Associated Press

RUTARE, Rwanda (AP) -- On a chilly, windswept mountaintop where the sick, the homeless and war orphans huddle are the shattered remains of what was a promising effort to cure Rwanda's explosive overpopulation.

Experts say intense competition for land in one of the world's most densely populated countries helped fuel Rwanda's frenzied violence.

Rwanda is a "ghastly example of a population war," said Sharon Camp, a consultant formerly with the U.S.-based Population Action International.

Here at Rutare, the American relief agency CARE ran one of Rwanda's largest and most successful programs to curb its fast-growing population.

CARE's workers are now dead or refugees, the pharmacy and warehouses have been looted and one of the agency's buildings has been converted to a crowded clinic for orphans suffering from malaria and dysentery.

After the looting, children inflated and played with thousands of scattered condoms and syringes for injectable contraceptives, recalled Jean Baptiste Bizimana, vice mayor of this town 50 miles northwest of the capital, Kigali.

But he said the people in the area were very sensitive and receptive to the idea of reducing their numbers. "They understood. It is necessary to start the program again," Bizimana said.

Even with the killing of some 500,000 Tutsis by rival Hutu tribesmen, the country is greatly overpopulated. Almost every piece of cultivatable land was intensely worked. Terraced fields clamber to the tops of denuded hills.

Before the chaos erupted last April, the population of Rwanda -- a nation about the size of Maryland -- was 8 million, or nearly 800 people per square mile. The World Bank projected that, growing by 3.1 percent a year, its population would reach a staggering 25.7 million by the year 2030.

The draft plan for the U.N. population conference in Cairo cites Rwanda as having one of the world's highest birth rates. The average Rwandan woman has 8.2 children, the plan says.

The size of Rwandan family holdings has shrunk dramatically in recent decades, causing greater malnutrition, environmental degradation and poverty, American demographer John F. May wrote last year.

It was estimated that in 1990, there were 2.5 people per cultivatable acre.

Population experts say the fierce competition for land -- Rwanda's prime resource -- made its people more susceptible to the hate campaign waged by the Hutu government against the Tutsis. Young men, poor and without job prospects, could be easily enlisted into gangs which carried out most of the killings.

"I think constant crowding, constant fighting for scarce resources made them more desperate. It contributed to the snapping," said Ann Goddard, CARE's deputy director for East Africa, in a telephone interview from the United States.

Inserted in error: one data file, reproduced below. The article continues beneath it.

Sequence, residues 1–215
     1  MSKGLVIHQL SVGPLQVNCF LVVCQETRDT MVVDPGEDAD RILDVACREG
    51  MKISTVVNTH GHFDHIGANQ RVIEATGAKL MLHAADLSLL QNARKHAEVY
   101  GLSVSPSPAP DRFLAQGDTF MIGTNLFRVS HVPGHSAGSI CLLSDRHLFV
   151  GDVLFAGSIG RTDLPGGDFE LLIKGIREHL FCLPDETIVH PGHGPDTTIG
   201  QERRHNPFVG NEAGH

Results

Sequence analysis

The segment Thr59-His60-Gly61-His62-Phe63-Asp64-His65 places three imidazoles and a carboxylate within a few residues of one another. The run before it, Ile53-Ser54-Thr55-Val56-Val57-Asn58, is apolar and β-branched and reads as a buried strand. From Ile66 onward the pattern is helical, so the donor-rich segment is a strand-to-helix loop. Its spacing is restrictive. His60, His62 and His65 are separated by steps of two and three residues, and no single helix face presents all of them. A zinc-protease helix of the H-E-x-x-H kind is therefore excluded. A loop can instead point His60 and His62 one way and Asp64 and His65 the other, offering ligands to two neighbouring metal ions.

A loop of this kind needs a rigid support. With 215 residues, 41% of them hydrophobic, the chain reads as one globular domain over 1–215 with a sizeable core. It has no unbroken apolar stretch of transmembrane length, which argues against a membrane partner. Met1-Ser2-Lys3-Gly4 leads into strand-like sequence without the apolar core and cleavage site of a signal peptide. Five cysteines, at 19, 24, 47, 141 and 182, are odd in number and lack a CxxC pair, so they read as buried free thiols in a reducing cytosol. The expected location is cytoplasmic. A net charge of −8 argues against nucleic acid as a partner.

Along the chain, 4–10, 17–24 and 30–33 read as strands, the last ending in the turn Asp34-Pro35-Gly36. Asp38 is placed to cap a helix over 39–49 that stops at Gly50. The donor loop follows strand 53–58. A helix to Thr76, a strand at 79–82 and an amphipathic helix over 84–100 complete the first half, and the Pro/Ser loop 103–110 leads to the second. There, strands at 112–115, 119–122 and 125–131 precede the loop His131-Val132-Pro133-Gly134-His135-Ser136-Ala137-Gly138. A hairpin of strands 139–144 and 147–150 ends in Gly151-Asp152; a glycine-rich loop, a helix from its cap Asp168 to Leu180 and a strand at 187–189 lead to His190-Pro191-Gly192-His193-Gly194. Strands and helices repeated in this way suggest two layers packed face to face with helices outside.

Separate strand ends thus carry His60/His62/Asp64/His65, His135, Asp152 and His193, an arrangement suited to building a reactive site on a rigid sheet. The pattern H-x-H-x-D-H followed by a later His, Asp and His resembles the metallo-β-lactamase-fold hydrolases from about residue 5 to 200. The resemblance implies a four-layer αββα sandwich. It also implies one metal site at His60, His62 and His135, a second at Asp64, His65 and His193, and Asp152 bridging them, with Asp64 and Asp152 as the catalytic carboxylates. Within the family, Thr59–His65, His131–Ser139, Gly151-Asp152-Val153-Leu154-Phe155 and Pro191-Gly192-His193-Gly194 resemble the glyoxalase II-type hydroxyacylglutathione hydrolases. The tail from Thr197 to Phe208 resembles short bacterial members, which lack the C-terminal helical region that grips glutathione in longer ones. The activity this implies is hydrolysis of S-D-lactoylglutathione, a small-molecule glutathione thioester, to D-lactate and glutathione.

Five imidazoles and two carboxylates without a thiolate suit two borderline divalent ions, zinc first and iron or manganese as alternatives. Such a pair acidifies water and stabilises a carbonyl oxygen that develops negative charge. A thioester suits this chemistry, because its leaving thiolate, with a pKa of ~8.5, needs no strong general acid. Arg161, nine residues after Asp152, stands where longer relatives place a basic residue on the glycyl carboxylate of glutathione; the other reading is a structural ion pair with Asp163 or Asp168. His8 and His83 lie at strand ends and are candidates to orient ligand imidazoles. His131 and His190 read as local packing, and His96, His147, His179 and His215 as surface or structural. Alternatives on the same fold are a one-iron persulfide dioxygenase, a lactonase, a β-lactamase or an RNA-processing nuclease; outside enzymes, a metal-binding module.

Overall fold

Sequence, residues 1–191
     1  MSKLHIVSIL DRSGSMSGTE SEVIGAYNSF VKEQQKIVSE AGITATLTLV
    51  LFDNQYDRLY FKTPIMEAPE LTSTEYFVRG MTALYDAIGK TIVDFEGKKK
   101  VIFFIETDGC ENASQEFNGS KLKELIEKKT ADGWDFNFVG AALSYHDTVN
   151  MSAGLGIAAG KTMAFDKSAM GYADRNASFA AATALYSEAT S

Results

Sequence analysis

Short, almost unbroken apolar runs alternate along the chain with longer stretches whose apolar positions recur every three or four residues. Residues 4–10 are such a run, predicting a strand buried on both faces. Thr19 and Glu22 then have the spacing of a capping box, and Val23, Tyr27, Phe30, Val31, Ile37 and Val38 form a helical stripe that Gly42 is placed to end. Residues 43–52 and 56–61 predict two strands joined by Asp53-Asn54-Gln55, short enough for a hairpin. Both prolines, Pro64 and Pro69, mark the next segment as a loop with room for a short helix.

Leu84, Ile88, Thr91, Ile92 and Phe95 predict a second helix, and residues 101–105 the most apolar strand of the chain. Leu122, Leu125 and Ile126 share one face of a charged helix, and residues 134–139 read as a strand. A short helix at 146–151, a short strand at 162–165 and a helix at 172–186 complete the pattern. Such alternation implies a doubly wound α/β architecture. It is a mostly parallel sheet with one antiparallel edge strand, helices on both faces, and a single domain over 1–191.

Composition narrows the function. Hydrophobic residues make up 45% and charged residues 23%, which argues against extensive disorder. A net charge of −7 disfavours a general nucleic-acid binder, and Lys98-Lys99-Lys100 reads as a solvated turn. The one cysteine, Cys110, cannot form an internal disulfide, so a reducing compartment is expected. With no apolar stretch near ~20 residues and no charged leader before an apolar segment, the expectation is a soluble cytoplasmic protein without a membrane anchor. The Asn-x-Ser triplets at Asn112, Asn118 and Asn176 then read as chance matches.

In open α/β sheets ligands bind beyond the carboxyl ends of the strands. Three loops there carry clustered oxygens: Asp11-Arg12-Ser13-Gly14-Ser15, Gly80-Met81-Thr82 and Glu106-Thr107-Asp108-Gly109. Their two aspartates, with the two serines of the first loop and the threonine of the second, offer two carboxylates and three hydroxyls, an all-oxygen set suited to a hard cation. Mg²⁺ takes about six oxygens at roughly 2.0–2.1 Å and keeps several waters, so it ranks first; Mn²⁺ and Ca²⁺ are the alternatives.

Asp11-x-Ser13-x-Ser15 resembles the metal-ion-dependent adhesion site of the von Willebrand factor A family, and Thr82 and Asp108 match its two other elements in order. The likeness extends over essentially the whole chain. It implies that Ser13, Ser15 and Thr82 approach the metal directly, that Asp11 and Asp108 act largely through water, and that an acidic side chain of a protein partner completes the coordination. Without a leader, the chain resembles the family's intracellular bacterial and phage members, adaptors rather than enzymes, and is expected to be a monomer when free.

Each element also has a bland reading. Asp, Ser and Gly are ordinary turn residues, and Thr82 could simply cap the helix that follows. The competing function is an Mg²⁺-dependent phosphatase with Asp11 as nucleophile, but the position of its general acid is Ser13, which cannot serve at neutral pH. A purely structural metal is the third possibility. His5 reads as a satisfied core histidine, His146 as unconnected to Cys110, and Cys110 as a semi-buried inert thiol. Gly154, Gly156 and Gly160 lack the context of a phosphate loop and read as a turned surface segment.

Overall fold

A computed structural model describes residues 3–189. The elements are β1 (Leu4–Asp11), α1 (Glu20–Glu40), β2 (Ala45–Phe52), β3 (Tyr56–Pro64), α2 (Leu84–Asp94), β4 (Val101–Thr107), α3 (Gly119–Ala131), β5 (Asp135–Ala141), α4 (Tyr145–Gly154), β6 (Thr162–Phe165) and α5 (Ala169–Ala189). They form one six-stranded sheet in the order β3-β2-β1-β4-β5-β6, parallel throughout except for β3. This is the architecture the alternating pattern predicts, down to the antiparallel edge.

Many Rwandese say some killed fellow villagers not because they were Tutsis but to take their land or settle property disputes. Now that Tutsi-led rebels have taken control of the country and begun searching for the killers, others now say they are being falsely accused so their land can be taken.

Although there were important tribal and political dimensions to the killing, Ms. Camp said by telephone from Cairo, Rwanda could be called a "population war" that she believes also looms over other areas of the globe.

Ironically, Rwanda exploded as the family planning effort -- launched on a national level in 1981 -- was making real headway. From nearly zero, an estimated 13 percent of women of childbearing age were using contraceptives in 1992.

"The Rwandese realized the problem themselves. They saw that they were starting to devour their resources to the point that they would have nothing," said Hugh O'Haire of the U.N. Population Fund, also in Cairo to attend the conference.

The CARE program, funded largely by the U.S. government, was reaching about 91,500 people, or 22 percent of the population in eight rural districts. It also included health education, child care and "motivation classes" for men new to contraception, which CARE says was strictly voluntary.

Now, with the international community and the new Tutsi-led government focused on emergency aid to a stricken population, family planning and other-long term development projects are on hold. Agencies are waiting for the situation to stabilize.

"Perhaps it's a bit morbid to talk about population control after the slaughter, but we have to start thinking about it to stop it recurring," said Wendy Driscoll, a CARE spokeswoman visiting Rutare.

"If we don't do it sanely and humanely, it's going to be done brutally and horribly."